· What mental health licenses and degrees do you hold?
· What kinds of mental health issues does your practice focus on?
· How long have you been practicing?
· What type of therapy to you think will be of most help to me in my particular situation and why?
· About how long do you think I’ll be in treatment?
· What are your fees?
· What types of payment do you accept and when is payment expected?
· If you accept insurance, what kind?
· Will you bill my insurance company or do I pay up front?
You may also want to ask for friends or family if they know someone. Knowing the differences between addiction counselors, social workers, psychologists, licensed professional counselors, marriage and family therapists and psychiatrists would be good information to have (this is easily found by internet search, as well). Most therapists will have websites or other web-based information available so you can check them out prior to making an appointment. Your insurance may have a list of preferred or “in-network” providers to help you make a selection.
The main emphasis I want to make today is that the “fit” as you experience it is paramount.
By “fit” I mean that sense of connection with the therapist that you interpret as a valuable partner in your journey of recovery – that process of improving health and wellness where you are living on purpose in your quest to reach your full potential.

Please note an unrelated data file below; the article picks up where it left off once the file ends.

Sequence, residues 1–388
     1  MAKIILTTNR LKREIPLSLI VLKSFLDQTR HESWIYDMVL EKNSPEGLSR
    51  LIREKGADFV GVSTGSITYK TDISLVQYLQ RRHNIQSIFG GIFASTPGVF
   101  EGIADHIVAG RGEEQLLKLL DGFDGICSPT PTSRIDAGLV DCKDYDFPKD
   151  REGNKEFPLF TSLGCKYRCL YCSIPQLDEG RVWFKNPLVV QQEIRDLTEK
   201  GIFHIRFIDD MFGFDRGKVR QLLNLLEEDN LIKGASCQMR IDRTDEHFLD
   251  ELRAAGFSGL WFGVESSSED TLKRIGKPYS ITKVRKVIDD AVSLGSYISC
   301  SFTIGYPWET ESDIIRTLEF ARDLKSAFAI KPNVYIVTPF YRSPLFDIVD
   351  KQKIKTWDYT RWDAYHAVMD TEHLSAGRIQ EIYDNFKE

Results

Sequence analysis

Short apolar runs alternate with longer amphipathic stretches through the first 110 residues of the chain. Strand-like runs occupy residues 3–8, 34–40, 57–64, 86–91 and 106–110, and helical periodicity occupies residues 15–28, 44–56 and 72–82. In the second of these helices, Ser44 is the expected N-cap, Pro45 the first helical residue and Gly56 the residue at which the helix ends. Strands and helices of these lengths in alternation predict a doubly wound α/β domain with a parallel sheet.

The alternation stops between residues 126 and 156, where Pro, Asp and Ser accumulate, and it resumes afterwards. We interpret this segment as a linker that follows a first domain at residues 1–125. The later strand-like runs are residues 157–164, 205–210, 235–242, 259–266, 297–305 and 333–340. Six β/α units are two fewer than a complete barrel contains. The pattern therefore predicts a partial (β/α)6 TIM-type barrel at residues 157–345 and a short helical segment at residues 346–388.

Research has indicated that it is your perception of that “fit” that is a very strong predictor of your realizing a positive outcome; therefore, you would do well to find a therapist who is paying attention to what you want and is making the effort to create a collaborative environment. If you do not think the connection is such that you are having a positive response after 3-4 sessions, you may want to consider changing therapists. This is no specific reflection on the therapist as not all combinations are an easy fit. If you do elect to switch to another therapist, please tell your current therapist of your plans. They will appreciate it.